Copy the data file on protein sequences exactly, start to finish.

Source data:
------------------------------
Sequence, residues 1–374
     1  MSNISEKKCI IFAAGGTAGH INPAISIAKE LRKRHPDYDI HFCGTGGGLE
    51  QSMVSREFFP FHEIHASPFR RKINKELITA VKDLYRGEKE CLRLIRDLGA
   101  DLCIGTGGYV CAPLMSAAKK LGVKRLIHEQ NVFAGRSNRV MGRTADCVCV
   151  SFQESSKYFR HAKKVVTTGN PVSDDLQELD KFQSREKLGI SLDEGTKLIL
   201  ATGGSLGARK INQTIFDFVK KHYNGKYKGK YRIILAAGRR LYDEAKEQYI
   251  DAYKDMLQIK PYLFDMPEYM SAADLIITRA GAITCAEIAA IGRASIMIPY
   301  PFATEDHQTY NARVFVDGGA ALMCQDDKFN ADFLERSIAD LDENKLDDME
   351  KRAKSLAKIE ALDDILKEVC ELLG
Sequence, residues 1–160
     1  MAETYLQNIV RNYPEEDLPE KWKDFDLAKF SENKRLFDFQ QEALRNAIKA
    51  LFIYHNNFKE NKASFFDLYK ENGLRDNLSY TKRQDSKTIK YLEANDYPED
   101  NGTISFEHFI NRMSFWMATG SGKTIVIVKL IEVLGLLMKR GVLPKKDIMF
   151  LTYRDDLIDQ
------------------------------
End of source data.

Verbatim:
Sequence, residues 1–374
     1  MSNISEKKCI IFAAGGTAGH INPAISIAKE LRKRHPDYDI HFCGTGGGLE
    51  QSMVSREFFP FHEIHASPFR RKINKELITA VKDLYRGEKE CLRLIRDLGA
   101  DLCIGTGGYV CAPLMSAAKK LGVKRLIHEQ NVFAGRSNRV MGRTADCVCV
   151  SFQESSKYFR HAKKVVTTGN PVSDDLQELD KFQSREKLGI SLDEGTKLIL
   201  ATGGSLGARK INQTIFDFVK KHYNGKYKGK YRIILAAGRR LYDEAKEQYI
   251  DAYKDMLQIK PYLFDMPEYM SAADLIITRA GAITCAEIAA IGRASIMIPY
   301  PFATEDHQTY NARVFVDGGA ALMCQDDKFN ADFLERSIAD LDENKLDDME
   351  KRAKSLAKIE ALDDILKEVC ELLG
Sequence, residues 1–160
     1  MAETYLQNIV RNYPEEDLPE KWKDFDLAKF SENKRLFDFQ QEALRNAIKA
    51  LFIYHNNFKE NKASFFDLYK ENGLRDNLSY TKRQDSKTIK YLEANDYPED
   101  NGTISFEHFI NRMSFWMATG SGKTIVIVKL IEVLGLLMKR GVLPKKDIMF
   151  LTYRDDLIDQ